Nov 27, 2021

Doing photon upconversion a solid: Crystals that convert light to more useful wavelengths

Posted by in categories: chemistry, solar power, sustainability

Solid-solution organic crystals have been brought into the quest for superior photon upconversion materials, which transform presently wasted long-wavelength light into more useful shorter wavelength light. Scientists from Tokyo Institute of Technology have revisited a materials approach previously deemed lackluster—using a molecule originally developed for organic LEDs—and have achieved outstanding performance and efficiency. Their findings pave the way for many novel photonic technologies, such as better solar cells and photocatalysts for hydrogen and hydrocarbon productions.

Light is a powerful source of energy that can, if leveraged correctly, be used to drive stubborn chemical reactions, generate electricity, and run optoelectronic devices. However, in most applications, not all the wavelengths of can be used. This is because the energy that each photon carries is inversely proportional to its wavelength, and chemical and are triggered by light only when the energy provided by individual photons exceeds a certain threshold.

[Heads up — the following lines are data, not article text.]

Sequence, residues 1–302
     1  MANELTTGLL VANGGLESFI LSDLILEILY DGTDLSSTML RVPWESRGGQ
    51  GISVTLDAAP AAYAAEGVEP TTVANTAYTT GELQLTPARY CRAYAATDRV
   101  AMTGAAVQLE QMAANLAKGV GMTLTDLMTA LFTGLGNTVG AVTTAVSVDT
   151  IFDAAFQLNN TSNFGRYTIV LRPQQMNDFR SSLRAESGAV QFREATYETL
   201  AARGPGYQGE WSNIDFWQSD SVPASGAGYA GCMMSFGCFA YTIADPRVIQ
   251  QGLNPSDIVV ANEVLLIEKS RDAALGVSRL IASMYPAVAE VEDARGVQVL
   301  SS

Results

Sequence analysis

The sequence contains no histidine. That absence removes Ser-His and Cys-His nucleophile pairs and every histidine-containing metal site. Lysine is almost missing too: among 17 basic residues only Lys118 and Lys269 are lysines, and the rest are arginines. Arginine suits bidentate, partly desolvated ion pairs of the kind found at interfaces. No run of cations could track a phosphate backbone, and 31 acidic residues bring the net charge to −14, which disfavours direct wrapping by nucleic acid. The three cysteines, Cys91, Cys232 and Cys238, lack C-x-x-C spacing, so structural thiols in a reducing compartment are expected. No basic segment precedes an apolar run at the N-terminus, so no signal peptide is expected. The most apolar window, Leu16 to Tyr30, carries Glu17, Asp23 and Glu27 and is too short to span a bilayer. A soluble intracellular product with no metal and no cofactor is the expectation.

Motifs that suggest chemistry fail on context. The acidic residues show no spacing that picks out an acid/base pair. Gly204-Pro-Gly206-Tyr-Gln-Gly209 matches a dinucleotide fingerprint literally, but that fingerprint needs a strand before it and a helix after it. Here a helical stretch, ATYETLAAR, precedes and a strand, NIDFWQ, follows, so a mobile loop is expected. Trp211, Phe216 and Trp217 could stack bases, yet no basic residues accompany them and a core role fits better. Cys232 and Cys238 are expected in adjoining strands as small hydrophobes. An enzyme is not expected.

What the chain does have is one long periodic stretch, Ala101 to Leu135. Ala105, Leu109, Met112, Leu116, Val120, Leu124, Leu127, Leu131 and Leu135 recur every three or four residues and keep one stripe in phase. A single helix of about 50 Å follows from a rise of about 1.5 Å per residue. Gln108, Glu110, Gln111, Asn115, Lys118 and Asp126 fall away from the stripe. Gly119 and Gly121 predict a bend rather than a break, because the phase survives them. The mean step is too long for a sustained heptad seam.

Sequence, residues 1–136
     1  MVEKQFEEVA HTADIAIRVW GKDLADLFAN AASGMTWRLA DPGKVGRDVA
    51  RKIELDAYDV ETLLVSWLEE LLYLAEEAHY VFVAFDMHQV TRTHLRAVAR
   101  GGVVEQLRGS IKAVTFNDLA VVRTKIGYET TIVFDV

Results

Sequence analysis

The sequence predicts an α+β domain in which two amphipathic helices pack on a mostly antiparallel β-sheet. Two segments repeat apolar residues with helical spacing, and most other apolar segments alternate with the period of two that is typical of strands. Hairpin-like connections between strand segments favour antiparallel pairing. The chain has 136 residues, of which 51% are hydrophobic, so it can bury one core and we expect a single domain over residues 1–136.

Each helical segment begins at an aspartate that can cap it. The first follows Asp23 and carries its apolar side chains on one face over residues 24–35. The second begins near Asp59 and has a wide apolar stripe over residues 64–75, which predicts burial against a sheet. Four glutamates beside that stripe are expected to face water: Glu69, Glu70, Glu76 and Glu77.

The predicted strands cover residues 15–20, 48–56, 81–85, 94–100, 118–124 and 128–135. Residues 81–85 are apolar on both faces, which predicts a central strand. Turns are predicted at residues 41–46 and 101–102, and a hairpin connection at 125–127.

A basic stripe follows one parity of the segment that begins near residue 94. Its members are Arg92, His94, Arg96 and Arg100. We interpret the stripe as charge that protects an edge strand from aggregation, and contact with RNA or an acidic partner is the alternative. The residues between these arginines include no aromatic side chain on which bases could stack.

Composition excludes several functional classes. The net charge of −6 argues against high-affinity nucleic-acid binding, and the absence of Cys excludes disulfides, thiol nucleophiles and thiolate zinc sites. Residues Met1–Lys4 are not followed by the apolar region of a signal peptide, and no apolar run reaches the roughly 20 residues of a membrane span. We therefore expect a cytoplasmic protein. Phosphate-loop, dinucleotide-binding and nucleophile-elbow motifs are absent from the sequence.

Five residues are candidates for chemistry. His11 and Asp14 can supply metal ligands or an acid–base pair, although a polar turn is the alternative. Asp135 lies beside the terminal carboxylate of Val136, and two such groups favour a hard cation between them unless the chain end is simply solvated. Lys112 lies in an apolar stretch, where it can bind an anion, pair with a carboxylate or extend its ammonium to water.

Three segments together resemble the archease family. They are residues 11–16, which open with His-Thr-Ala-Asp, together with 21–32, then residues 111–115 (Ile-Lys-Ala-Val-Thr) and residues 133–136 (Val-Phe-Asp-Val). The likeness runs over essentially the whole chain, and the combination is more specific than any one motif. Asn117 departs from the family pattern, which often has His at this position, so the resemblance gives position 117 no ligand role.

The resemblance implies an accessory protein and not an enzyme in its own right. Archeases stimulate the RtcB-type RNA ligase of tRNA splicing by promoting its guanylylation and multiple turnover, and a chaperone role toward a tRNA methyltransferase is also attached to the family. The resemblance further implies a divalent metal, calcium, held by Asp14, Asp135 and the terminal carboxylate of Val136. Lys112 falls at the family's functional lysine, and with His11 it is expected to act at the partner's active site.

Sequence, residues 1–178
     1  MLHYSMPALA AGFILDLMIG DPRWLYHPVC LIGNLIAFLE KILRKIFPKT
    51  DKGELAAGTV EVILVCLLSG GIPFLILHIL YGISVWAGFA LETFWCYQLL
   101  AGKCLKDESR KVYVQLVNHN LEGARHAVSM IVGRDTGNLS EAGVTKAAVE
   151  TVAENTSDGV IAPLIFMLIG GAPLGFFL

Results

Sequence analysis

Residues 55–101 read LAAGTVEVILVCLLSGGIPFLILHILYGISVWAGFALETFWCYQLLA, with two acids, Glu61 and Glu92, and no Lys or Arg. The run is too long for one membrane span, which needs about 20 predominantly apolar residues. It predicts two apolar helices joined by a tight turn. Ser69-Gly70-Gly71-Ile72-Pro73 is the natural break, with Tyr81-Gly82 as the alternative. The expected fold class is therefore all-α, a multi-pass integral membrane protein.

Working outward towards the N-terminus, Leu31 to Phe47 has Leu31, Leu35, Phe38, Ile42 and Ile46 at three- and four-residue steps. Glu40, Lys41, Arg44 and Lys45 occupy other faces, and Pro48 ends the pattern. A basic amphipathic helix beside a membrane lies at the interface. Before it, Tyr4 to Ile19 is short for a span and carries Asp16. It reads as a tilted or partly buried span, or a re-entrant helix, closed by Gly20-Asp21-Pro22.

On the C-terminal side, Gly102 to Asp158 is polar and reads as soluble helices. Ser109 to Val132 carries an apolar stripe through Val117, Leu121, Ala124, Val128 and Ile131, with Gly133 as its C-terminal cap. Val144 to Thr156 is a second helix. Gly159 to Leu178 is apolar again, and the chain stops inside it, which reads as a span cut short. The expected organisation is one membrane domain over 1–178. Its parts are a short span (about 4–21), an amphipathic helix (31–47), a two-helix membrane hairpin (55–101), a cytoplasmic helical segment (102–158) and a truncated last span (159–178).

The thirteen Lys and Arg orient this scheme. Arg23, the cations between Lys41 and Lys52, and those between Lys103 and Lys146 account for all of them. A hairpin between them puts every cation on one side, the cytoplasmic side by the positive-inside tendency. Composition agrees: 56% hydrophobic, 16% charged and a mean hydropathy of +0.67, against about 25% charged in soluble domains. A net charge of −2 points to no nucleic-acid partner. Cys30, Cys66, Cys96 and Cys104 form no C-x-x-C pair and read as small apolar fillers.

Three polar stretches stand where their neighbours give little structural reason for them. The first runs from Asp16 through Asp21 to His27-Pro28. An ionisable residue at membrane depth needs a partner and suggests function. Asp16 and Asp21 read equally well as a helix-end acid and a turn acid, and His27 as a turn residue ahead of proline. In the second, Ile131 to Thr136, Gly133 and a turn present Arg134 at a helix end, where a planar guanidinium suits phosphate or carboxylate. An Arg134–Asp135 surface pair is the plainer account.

This means that devices like solar cells cannot benefit from all the color contained in sunlight, as it comprises a mixture of photons with both high and low energies. Scientists worldwide are actively exploring materials to realize upconversion (PUC), by which photons with lower energies (longer wavelengths) are captured and re-emitted as photons with higher energies (shorter wavelengths). One promising way to realize this is through triplet-triplet annihilation (TTA). This process requires the combination of a sensitizer material and an annihilator material. The sensitizer absorbs low energy photons (long-wavelength light) and transfers its excited energy to the annihilator, which emits higher photons (light of shorter wavelength) as a result of TTA.

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